Moreover, and this consideration is equally crucial, every large religious group always comprises sub-groups or sects based upon internal distinctions or differences of various kinds. As a result of these internal distinctions any blanket dichotomous classification of the members of the group becomes extremely misleading. For instance, Hindus who belong to the Brahmo Samaj and Arya Samaj reject idolatry as much and as categorically as the Muslims themselves. The same applies to the Sikhs. Why, then, should they be subject to the Quranic prohibition on marriage of Muslims and idolaters? Again, numerous individual Hindus repudiate idolatry both in theory and practice, though they do not object if their co-religionists wish to practice it. In other words, it does not stand to reason to hold the entire Hindu community or group to be idolaters.
In the light of the above analysis it appears that the correct or valid interpretation of the Quranic text would be that a Muslim should not marry such Hindus who are idolaters. Now this is a very different proposition from placing a total and unconditional ban upon inter-marriage between members of the different religious groups. To put the matter more directly, the deciding factor for attracting the clear Quranic prohibition should be the actual faith and practice of the parties to the marriage rather than any blanket judgment on the community as a whole. Let me try to explain my point by giving a hypothetical example.
Suppose the Quran had prohibited Muslims from marrying a liar without specifying any other details. It is pre-eminently reasonable to hold that this prohibition would have applied to individual liars rather than to any particular group based on religion, region or race. Moreover, the proper way to act upon the Quranic injunction would have been actually to investigate whether or not a person is a liar rather than declare any particular religious, racial, regional or occupational group as liars who automatically attract the said Quranic prohibition.
There is another very vital consideration, which would confirm the rightness of the view that the Quranic text must be interpreted, as applicable to individuals rather than a group as a whole. The Quranic verse 5:5 allows inter-marriage between Muslims and the ‘people of the book’, while the verse, 2:221 prohibits Muslims from marrying idolaters and idolatresses. Now, while the Jews are conspicuous for their absolute repudiation of idol worship and their unqualified acceptance of pure monotheism, the same cannot be said of the Christians because of their commitment to the dogma of trinity. Indeed, numerous Islamic theologians honestly believe that the said Christian dogma involves associating others with the one God and that this amounts to polytheism (shirk). If so, the marriage of a Muslim male with a Christian woman (deemed permissible by verse 5:5) would attract the prohibition contained in verse 2:221. Now this would land Muslims in a quandary. The only way to resolve this contradiction is to accept the view that the concerned Quranic verses apply to individuals rather than to groups as a whole. On this interpretation the marriage of a Muslim, whether male or female, would be permissible with a non-Muslim provided he or she is not a polytheist and does not practice idolatry.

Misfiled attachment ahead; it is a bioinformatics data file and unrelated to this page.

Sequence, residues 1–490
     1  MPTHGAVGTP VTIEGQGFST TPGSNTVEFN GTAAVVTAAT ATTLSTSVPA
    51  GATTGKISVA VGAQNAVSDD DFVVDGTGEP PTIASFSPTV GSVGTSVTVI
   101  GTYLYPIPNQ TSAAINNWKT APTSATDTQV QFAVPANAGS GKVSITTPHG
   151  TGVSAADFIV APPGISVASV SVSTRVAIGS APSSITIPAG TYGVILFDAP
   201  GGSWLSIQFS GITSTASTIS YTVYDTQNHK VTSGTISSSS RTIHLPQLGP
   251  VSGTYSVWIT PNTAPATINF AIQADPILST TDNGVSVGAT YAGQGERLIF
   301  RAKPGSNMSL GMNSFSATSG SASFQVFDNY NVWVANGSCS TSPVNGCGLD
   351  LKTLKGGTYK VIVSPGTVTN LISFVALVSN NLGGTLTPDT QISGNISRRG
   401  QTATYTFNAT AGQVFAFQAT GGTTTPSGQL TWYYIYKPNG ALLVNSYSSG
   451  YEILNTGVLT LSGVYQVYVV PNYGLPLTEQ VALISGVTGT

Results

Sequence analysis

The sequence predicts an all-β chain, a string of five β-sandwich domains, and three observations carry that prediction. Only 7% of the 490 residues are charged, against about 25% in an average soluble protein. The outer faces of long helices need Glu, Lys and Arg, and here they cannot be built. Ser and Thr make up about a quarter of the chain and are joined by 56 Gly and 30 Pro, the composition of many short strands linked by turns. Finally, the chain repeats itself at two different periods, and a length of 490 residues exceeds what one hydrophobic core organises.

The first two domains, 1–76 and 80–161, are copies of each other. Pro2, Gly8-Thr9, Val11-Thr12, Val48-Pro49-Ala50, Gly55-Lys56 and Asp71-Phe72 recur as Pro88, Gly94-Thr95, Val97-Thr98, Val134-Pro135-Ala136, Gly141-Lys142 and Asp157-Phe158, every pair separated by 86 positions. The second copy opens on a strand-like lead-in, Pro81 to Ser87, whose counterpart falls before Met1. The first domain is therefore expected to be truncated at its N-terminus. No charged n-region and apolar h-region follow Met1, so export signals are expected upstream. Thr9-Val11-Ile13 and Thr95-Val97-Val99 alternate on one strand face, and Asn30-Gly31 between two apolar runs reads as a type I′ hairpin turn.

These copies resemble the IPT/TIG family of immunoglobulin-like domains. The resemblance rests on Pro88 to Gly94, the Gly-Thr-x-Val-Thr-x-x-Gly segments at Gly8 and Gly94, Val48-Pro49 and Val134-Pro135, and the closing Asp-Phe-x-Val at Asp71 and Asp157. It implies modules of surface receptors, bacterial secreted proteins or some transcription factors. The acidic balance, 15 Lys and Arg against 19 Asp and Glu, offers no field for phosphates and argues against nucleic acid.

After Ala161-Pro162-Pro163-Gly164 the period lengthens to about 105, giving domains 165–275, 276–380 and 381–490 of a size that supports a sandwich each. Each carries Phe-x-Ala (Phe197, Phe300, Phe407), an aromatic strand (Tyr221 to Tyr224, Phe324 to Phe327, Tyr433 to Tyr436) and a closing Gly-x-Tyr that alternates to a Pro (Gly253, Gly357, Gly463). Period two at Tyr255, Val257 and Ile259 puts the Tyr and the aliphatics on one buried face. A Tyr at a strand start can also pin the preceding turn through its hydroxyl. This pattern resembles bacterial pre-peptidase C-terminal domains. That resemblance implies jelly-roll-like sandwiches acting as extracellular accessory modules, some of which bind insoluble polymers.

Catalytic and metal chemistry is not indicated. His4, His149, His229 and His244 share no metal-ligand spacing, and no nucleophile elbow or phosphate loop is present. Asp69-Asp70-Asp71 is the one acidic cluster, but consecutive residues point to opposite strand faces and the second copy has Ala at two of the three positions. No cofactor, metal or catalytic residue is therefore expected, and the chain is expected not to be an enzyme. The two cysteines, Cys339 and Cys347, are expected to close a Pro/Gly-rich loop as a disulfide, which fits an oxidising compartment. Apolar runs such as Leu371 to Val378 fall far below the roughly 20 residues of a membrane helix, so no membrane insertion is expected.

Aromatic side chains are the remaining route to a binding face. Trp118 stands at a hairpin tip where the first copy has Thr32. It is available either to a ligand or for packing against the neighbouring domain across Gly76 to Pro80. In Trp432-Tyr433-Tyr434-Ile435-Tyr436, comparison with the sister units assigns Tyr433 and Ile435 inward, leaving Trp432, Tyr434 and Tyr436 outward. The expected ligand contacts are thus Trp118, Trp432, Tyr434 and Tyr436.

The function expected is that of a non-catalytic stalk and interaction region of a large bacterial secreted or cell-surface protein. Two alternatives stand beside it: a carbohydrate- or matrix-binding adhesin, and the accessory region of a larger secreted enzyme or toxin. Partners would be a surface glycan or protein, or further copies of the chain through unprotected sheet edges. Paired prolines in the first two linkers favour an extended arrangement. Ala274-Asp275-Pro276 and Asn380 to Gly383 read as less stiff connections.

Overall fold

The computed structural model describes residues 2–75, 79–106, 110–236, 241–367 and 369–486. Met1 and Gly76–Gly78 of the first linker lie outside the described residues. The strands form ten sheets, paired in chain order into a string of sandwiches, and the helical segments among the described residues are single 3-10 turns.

Marriage is a contractual relationship between two individuals, according to Islam. If the contractual parties do not stand in the list of prohibited degrees of marriage, as given in the Quranic text, as such, (Quran, 4:22-23) differences in race, religion, caste, and economic status should not stand in the way of their marriage, provided the non-Muslim party has clearly repudiated idol-worship in theory and practice. A Muslim marrying a non-Muslim does not violate any basic tenet of Islam so long as the non-Muslim, as an individual, does not commit himself or herself to idolatry.
The Islamic canon law (shariah) already allows Muslim males to marry Jewish or Christian women. This amounts to accepting, in principle, the idea of inter-religious marriage. This step was a notable, rather a revolutionary, advance made by Islam in the direction of the humanistic concept of marriage as a loving contract between individuals irrespective of their religion. There is nothing wrong for Muslims to develop the nucleus of the humanistic approach to marriage, already found in the Islamic tradition, to its full and logical conclusion.
The above suggestion will not appeal to conservative Muslim opinion. But new interpretations within a tradition, provided they are essentially productive of human welfare, gradually overcome the natural and quite understandable resistance to change. The following is a random but good sample.
Muslim theologians at one time opposed the printing of the Quran and also books in general. The same applied to translating the Quran in different languages. Many Muslim and Catholic theologians are still opposed to family planning. Several Muslim theologians and jurists oppose music, drama, and painting of animal forms on various grounds. The pursuit of free enquiry, the freedom of conscience, and equal rights to women are deemed to be unIslamic by many learned Muslims. Yet profound changes, slowly but steadily, have taken place in different Muslim societies. It is a different matter that the pace of change has been slow to the point of exasperation, if not despair. However, the pace is likely to increase considerably due to the continuing technological revolution, in general, and the communications revolution in particular.